Toasting to Holiness: Can Drinking Be Saintly?
Book Pick: Drinking With the Saints
Drinking With the Saints
The Sinner’s Guide to a Holy Happy Hour
By Michael P. Foley
Regnery History, 2015
487 pages, $26.99
To order: ignatius.com
In September 2015, Pope Francis canonized Father Junípero Serra for his extraordinary missionary efforts in bringing the Gospel to present-day California. Wine enthusiasts, however, can also celebrate the fact that it was Serra, and his fellow Franciscans, that brought the first wine grapes to the region. This is one of many fun-filled facts in Michael Foley’s Drinking With the Saints: The Sinner’s Guide to a Holy Happy Hour.
Foley’s book tells the storied past of wine, beer and spirits, and it also serves as an actual recipe guide — a fine blend of theology, Church history and practical application. Filled with almost 350 classic recipes and new creations, Drinking With the Saints reminds us that all good things come from above, while also providing a tutorial on how to better enjoy these blessings in the here and now.
Lest readers be concerned that such a book only serves to encourage the abuse of alcohol, Foley begins by urging the reader to pursue temperance and moderation. Drawing from G.K. Chesterton, he reminds us, “We should thank God for beer and burgundy by not drinking too much of them.”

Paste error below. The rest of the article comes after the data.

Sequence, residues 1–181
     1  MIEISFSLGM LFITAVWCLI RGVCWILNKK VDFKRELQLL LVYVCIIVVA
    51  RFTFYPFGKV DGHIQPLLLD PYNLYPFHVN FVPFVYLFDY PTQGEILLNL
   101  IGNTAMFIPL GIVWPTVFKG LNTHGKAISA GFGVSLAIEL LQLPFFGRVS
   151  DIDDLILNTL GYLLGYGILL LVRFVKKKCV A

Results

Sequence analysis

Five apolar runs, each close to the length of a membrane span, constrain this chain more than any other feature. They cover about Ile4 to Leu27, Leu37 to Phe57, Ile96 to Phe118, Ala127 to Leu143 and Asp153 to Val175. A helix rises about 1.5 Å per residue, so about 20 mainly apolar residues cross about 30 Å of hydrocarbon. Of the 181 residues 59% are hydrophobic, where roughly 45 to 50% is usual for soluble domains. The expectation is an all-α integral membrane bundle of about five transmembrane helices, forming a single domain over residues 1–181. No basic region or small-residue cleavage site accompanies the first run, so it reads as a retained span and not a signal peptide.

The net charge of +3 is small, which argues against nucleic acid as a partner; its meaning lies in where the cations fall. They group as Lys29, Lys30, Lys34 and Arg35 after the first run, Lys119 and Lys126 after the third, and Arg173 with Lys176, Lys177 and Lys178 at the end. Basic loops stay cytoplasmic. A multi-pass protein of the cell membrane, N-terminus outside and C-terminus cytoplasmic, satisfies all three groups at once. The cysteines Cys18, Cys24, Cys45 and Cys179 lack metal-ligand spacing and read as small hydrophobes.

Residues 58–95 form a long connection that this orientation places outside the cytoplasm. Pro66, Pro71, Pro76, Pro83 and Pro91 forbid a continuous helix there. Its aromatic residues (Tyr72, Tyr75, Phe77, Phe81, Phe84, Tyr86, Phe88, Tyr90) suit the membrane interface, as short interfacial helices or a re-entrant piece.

But enjoy them we should — and preferably with the communion of saints! For example, on the Visitation of the Blessed Virgin Mary (July 2), the faithful are encouraged to mix a “Godmother” — a simple combination of vodka and amaretto. On the feast of the Holy Innocents in December, drink a “Kiddie Car,” complete with apple brandy, lime juice and triple sec. You get the point.
Perhaps you may already consider yourself to be an experienced bartender, but don’t dismiss this book as irrelevant. Who wouldn’t want to know the drinking habits of Adam and Eve or Pope John Paul II — or discover the fact that whiskey, tequila and sparkling wine all have Catholic origins, not to mention the fact that there are hundreds of wines around the world named after the Blessed Virgin Mary and other saints?
Drinking, as Foley reminds us in this book, is not about drinking. It’s actually about conviviality — friends, family members and strangers who may become friends or family sharing in the good things in life that ultimately point us to a greater good. Let’s not forget that Christ’s first miracle was turning water into wine at the Wedding Feast at Cana — not for the sake of drinking, but for the purpose of celebration.
Along with its fine mix of stories, recipes, advice and prayers, Drinking With the Saints is a remarkably beautiful and well-designed book that serves as a fine edition to any kitchen recipe shelf, coffee table or library. Wherever you keep it, I’d recommend keeping it within arm’s reach, so that you may refer to it often. And not because I’m encouraging drinking, but simply because it’s a book about joy. The saints provide the most joyful and happiest witnesses to the faith, and any opportunity to further reflect on that witness is reason enough for a toast. Cheers!
Christopher White writes from New York.